New York, Jan 6: US President Donald Trump and his supporters prepared to make one final, already doomed effort on Wednesday to overturn Joe Biden's election when Congress will put its seal on his victory in the November election.
Members of both the Senate and the House of Representatives will meet in a joint session presided over by Vice President Mike Pence to count and certify the electoral college votes, while Trump's supporters and opponents faceoff elsewhere in Washington.
Trump was expected to speak to his supporters in a highly irregular and potentially incendiary move.
Claiming that there was widespread fraud, Trump and his staunchest supporters have refused to accept the result of the November 3 election and the verdict of the electoral college that voted Biden as president and Kamala Harris as vice president on December 14.
More than 50 legal challenges by them in courts at various levels have failed.
While the constitutionally-required joint sessions have been mostly routine affairs, this time a small group of Republicans led by Senator Ted Cruz have announced that they will challenge the decision of the electoral college during the joint session.
The move by Trump's Congressional supporters will split his Republican Party because most of its leaders like Mitch McConnel, who heads the party in the Senate, are against what will ultimately be a symbolic resistance.
McConnell has already acknowledged Biden's election saying last month, "Our country has, officially, a president-elect and a vice-president-elect. I want to congratulate President-Elect Joe Biden."
Even Pence has reportedly turned down Trump's public requests to reject the electoral college's election of Biden and his running mate Kamala Harris.
Trump tweeted on Tuesday that "the Vice President has the power to reject fraudulently chosen electors," although in reality he is not legally empowered to do so.
Earlier on Monday, he told a rally in Georgia state, "I hope that our great vice president... comes through for us."
In what sounded like a warning, he added, "Of course, if he doesn't come through, I won't like him quite as much."
Pence met Trump on Tuesday, but several media reports quoting anonymous sources said to be close to him reported that he would follow the constitution and not interfere with the election.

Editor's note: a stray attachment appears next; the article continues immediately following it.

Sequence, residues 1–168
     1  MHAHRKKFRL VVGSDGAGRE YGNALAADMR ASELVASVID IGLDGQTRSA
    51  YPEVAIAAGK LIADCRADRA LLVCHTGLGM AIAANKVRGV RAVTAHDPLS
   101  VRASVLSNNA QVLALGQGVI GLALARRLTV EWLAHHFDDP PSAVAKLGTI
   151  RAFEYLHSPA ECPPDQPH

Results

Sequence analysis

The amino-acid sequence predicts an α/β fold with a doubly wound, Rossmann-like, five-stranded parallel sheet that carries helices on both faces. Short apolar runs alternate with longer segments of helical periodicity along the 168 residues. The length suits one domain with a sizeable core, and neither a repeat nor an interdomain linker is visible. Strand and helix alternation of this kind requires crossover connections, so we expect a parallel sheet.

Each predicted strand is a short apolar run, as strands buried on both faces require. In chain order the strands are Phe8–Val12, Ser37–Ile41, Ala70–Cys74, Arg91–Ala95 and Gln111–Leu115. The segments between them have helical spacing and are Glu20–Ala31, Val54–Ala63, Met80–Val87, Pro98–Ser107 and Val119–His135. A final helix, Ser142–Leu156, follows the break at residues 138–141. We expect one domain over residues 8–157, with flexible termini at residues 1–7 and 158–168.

The US presidential elections are conducted indirectly with the voters electing members of the electoral college who would vote for president.
Biden won 306 electoral college votes, in addition to getting 81.2 million popular votes to Trump's 232 electoral college votes and 74.2 million popular votes.
Trump won the 2016 election by getting a majority in the electoral college, where the votes allocated to proportionately to states, despite Hillary Clinton getting more popular votes.
When Trump's supporters challenge the electoral college votes, the Senate and the House will go into separate sessions to hear the objections and vote on them before reconvening jointly.
The effort is certain to fail because Democrats have a majority in the House and in the Senate, where the Republicans have a lead now, most members of the party have opposed the challenge.
Trump's supporters plan to challenge the votes of electors from states like Pennsylvania, where Trump has alleged there was massive fraud -- a claim not sustained by courts.
Democrats and Republicans opposed to Trump see the challenge to the electoral college verdict as a threat to democracy itself asserting that it would contribute to delegitimising the election process.
A bipartisan group of ten senators, including four Republicans said that "further attempts to cast doubt on the legitimacy of the 2020 Presidential election" will "only serve to undermine Americans' confidence in the already determined election results."
While Trump and many of his supporters probably realise their efforts are futile, for them it is a payback to the Democrats who tried to deligitimise Trump's election by claiming that he collaborated with the Russians to get elected -- a claim disproved by a commission of inquiry.
When Trump's election had to be certified in 2017 by Congress, some Democrats objected initially but did not persist in their opposition and the joint session presided by then-Vice President Biden endorsed Trump's victory.
Two Democrats objected to Republican George W. Bush's re-election by the electoral college in 2005 forcing the Senate and House to meet separately to vote down the objection and endorse his election at the resumed joint session.